Focus and Neurodiversity

“You cannot depend on your eyes when your imagination is out of focus.”
~Mark Twain


I was recently listening to a podcast where one of the world’s most renowned experts was focused on being interviewed, Dr. Amishi Jha.

Having friends and family members with ADHD I can recall hundreds of times people would say things like, “If you would only focus, you could be successful.” As though the person could manifest new neural pathways just by the mere suggestion of it.

Focus. We talk so much about the lack of it.  We should take time to learn what and how focus is defined. 

What is focus?


    1. the center of interest or activity.
    2. the state or quality of having or producing clear visual definition.


    1. (Of a person or their eyes) adapt to the prevailing level of light and become able to see clearly.
    2. pay particular attention to.

Dr. Amishi Jha shared a lot of really interesting points that the research has uncovered about focus.

Attention – Our brain’s capacity to prioritize some information over other information.

There are three subcategories of that:

  1. Focus-prioritizing something as more important than other things. It is how we get better results.

Think of a flashlight and wherever you shine the light you focus on that stuff.

It can be internal or external focus

Focus is finite, it has boundaries 

2. Alert System – when you widen your attention because of an alert, like flashing lights ahead while driving. You widen your attention to take more information in.  The detail of the information is low quality because it is so much information.

Very much in the present moment.

3. Executive Control – this is where you prioritize based on goals.  Multi-tasking (task switching) kills the executive focus center.

 “In order to retain a memory, you have to be paying attention to the thing you are trying or want to remember.”  Dr. Amishi Jha

We need our attention to:

  • Think and process
  • Feel and regulate emotions
  • Connection with others
  • Performance

 When our attention is fragmented like my attention has been while trying to type this.  It happens to be the NFL draft tonight and my husband’s favorite team, just traded their first-round draft pick for a later pick and he has been in and out of my office sharing all of the details with me.  That is fragmented attention. When we have fragmented attention, we are not able to retain many of the details.

 Here is where I thought it got really interesting and thought it related to a neurodiverse mind.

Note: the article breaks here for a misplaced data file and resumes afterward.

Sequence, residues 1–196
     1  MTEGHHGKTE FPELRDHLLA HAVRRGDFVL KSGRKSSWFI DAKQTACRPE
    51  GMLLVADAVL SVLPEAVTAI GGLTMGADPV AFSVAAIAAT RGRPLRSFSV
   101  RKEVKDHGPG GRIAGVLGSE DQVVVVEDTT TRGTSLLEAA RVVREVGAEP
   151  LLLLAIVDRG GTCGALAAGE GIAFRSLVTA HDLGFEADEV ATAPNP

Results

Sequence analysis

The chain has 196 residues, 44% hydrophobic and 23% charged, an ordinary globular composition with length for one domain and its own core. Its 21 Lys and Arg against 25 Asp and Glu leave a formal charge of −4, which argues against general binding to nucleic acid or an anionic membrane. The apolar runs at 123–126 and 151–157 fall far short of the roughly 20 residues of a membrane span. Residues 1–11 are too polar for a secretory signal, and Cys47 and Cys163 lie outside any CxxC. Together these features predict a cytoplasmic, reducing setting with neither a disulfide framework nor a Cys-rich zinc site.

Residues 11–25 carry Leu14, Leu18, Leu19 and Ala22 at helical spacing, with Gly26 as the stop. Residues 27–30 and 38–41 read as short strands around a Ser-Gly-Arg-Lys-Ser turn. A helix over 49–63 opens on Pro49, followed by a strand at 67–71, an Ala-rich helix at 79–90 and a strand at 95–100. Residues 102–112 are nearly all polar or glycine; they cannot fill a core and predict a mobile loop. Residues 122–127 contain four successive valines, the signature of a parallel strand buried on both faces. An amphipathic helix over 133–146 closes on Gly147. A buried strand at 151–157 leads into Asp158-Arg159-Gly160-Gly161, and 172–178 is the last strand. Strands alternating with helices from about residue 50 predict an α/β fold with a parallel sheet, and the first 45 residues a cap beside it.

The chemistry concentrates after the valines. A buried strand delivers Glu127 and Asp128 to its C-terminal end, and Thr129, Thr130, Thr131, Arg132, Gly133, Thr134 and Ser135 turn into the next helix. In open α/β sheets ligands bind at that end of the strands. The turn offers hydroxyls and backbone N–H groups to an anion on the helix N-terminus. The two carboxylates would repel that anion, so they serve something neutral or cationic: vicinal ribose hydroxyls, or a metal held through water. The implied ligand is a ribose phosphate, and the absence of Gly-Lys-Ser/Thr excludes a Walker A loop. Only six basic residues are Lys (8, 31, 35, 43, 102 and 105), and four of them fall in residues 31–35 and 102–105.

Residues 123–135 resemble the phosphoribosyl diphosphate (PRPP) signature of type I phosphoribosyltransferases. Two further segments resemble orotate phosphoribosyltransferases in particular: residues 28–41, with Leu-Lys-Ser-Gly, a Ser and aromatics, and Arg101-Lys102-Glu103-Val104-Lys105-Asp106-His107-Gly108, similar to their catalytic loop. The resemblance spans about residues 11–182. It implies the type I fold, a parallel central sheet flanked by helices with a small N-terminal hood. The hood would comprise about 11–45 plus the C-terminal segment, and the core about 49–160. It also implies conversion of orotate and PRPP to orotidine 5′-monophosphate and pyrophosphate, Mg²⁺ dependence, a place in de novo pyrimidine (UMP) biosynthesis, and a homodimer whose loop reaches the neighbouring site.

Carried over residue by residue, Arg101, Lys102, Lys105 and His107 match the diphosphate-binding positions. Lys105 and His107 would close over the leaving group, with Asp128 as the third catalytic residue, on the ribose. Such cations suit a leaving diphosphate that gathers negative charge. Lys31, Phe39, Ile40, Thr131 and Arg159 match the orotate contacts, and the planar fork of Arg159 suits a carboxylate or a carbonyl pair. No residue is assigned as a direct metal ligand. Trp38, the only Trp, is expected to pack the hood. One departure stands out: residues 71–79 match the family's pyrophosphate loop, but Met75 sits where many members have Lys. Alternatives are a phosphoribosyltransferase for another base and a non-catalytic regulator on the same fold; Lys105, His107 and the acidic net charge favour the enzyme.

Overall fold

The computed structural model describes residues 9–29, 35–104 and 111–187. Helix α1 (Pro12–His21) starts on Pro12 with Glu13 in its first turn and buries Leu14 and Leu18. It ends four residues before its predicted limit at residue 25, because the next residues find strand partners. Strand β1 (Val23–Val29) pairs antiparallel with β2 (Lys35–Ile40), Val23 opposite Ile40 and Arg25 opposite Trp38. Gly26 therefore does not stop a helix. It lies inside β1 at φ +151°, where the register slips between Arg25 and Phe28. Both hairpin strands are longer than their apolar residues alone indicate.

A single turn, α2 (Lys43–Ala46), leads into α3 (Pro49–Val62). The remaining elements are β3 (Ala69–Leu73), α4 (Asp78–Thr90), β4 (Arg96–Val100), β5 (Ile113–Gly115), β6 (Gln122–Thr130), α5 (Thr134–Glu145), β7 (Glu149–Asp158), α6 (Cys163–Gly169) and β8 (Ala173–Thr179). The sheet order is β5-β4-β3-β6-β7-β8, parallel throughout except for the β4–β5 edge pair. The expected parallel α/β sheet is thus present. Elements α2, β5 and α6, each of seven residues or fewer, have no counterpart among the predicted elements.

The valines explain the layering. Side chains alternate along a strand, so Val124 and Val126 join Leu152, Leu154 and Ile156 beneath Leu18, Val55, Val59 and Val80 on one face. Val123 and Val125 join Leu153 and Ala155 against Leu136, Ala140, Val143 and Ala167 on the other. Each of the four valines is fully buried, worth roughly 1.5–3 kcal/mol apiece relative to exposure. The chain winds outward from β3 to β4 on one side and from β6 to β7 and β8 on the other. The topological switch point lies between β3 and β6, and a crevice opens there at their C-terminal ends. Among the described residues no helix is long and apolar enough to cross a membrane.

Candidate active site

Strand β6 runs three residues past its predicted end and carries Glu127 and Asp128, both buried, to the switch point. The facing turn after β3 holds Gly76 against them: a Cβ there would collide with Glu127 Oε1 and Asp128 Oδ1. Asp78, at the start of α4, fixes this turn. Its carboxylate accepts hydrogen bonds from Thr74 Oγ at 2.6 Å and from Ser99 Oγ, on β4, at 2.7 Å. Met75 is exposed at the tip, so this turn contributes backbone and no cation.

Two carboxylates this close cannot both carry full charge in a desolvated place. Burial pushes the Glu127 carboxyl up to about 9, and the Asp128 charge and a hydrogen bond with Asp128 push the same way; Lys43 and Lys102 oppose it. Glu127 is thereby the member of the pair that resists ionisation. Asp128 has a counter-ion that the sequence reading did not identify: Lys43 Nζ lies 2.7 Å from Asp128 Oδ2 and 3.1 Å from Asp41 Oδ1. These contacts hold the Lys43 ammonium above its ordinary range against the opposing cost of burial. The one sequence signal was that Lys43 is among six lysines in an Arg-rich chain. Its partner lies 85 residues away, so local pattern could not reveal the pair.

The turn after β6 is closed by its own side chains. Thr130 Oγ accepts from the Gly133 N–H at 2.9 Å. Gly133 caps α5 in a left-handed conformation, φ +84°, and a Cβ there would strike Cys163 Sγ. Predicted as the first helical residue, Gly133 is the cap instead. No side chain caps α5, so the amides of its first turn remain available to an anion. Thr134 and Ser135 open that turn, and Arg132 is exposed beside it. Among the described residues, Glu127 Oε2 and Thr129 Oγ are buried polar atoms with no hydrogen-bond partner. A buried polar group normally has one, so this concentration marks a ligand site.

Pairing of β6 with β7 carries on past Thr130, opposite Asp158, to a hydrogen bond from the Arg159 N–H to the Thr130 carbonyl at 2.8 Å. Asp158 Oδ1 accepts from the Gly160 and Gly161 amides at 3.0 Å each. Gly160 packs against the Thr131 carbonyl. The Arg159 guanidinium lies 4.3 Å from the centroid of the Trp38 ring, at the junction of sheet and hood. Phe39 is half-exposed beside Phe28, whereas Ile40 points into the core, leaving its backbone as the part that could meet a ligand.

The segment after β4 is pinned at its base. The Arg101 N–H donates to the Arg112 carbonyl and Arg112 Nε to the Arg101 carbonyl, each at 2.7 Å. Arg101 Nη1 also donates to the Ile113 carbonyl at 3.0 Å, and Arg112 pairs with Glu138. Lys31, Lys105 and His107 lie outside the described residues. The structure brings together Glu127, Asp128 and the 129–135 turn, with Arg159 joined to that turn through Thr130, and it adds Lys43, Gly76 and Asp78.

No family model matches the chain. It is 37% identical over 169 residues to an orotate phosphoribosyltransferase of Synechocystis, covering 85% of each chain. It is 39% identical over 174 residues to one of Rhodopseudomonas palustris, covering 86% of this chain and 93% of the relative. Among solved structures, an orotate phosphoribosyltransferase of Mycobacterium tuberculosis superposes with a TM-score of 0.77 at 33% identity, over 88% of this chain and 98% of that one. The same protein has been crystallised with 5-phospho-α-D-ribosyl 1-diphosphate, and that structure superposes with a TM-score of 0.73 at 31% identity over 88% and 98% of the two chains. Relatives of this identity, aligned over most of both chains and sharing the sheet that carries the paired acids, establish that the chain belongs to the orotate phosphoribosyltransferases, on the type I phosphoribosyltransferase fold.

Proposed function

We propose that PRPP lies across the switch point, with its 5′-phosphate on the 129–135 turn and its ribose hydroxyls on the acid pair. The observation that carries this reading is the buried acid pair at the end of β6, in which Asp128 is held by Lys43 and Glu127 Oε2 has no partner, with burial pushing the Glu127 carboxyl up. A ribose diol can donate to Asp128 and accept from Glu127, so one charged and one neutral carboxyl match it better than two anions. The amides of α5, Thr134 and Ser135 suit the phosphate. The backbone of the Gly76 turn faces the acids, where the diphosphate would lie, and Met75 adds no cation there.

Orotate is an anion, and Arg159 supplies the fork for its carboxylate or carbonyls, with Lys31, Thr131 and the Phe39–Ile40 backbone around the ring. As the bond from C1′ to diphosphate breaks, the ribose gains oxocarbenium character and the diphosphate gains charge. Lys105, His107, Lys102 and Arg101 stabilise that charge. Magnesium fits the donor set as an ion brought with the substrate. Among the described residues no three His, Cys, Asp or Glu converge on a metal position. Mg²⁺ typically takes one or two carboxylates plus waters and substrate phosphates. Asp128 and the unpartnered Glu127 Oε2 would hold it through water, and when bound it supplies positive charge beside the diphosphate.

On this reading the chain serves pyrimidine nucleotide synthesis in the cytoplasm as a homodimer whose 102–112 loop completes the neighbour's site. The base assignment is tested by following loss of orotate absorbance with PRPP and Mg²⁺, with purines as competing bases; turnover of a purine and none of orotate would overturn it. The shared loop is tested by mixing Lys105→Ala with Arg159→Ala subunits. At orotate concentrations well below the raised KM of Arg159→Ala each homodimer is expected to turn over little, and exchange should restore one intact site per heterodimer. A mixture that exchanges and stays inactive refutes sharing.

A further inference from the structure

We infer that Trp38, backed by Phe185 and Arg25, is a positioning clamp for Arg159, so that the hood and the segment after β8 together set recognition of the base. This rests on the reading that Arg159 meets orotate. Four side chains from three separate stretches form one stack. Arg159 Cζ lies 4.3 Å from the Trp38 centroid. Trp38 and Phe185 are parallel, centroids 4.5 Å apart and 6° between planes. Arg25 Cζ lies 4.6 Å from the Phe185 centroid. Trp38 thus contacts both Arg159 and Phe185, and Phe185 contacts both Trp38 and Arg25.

Our attention is compromised when any of these items are present:

  • Stress
  • Threat
  • Negative Mood

 So often all of those things are present in a person with ADHD, Dyslexia or Autism. It really presents like a compound effect is happening and we don’t even know it.


Medical News Today had some numbers to add to this.

“People with dyslexia often find it hard to concentrate. This may be because, after a few minutes of struggling to read or write, they feel mentally exhausted.

Also, compared with the general population, a higher number of children with dyslexia also have attention deficit hyperactivity disorder (ADHD).

According to some estimates, 30% of those with dyslexia also have ADHD, compared with 3–5% of the general school population experiencing both conditions.”


 What I have learned about focus is that it can be expanded, that everyone has different levels of it available to them, and that focus looks different in everyone. It feels like when we talk about focus or attention in school or at work we are talking about productivity. While I am a fan of being productive, a person’s ability to produce is not the sole measure of their worth. Maybe we could stop using the same measuring stick for every human being and maybe we could start to understand each other a little more and measure our worth by a combination of skills and not just one or two. 

To shift my situation, I am going to hang out at my office more at BadCat Digital. The group of people working there is fun and highly focused. They have high executive skills with time management. I know from my days in college that when I am around people that naturally have time management and priority skills, they help me to mirror their behavior, just by their presence. This is also a reminder of why you hire for your weaknesses.

After listening to the podcast and doing some of my own research I was able to identify that I struggle with a level of executive focus. I am not always able to harness my energy and attention on the most important tasks. I can be distracted by an email from a client with a minor website edit that I could do later in the evening when my time is not so precious. I have really started to notice the variations in my clients as they work on growing themselves and understanding their gifts and weaknesses. I don’t see this as always being a weakness, there are times when it is good I can take in all the things that need to be done and just dive into whatever is in front of me.

The most important point I am hoping you take away from this is that focus is limited and finite. You cannot multitask, you can task switch

When we think we’re doing multiple things at once, instead we engage in a task, and then we disengage in the task, we move into the other task, and then we disengage, and then we move it again, so we’re doing task switches over and over again. This is exhaustive. The more we switch the more depleted we become.

Focus and attention are affected by stress, threat, and negative mood, so take care of your brain and your mental balance. 

What new way of working on your projects today can you try?



JoyGenea Schumer
Business Owner, International Neurodiversity Coach and Speaker

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